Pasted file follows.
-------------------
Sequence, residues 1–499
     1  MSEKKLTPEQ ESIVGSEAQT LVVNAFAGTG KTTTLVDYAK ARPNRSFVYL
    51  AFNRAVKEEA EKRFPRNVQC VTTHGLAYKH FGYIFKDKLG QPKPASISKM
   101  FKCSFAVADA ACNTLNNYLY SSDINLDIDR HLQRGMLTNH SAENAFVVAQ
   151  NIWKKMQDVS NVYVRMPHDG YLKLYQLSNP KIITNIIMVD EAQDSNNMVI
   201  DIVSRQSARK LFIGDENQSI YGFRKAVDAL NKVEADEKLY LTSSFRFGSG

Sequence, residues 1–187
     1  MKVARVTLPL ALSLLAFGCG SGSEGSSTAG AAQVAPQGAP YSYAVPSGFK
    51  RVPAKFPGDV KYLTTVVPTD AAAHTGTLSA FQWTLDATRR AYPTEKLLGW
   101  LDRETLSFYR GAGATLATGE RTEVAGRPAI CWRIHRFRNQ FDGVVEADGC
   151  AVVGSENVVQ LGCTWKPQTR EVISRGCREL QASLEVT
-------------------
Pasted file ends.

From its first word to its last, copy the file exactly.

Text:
Sequence, residues 1–499
     1  MSEKKLTPEQ ESIVGSEAQT LVVNAFAGTG KTTTLVDYAK ARPNRSFVYL
    51  AFNRAVKEEA EKRFPRNVQC VTTHGLAYKH FGYIFKDKLG QPKPASISKM
   101  FKCSFAVADA ACNTLNNYLY SSDINLDIDR HLQRGMLTNH SAENAFVVAQ
   151  NIWKKMQDVS NVYVRMPHDG YLKLYQLSNP KIITNIIMVD EAQDSNNMVI
   201  DIVSRQSARK LFIGDENQSI YGFRKAVDAL NKVEADEKLY LTSSFRFGSG

Sequence, residues 1–187
     1  MKVARVTLPL ALSLLAFGCG SGSEGSSTAG AAQVAPQGAP YSYAVPSGFK
    51  RVPAKFPGDV KYLTTVVPTD AAAHTGTLSA FQWTLDATRR AYPTEKLLGW
   101  LDRETLSFYR GAGATLATGE RTEVAGRPAI CWRIHRFRNQ FDGVVEADGC
   151  AVVGSENVVQ LGCTWKPQTR EVISRGCREL QASLEVT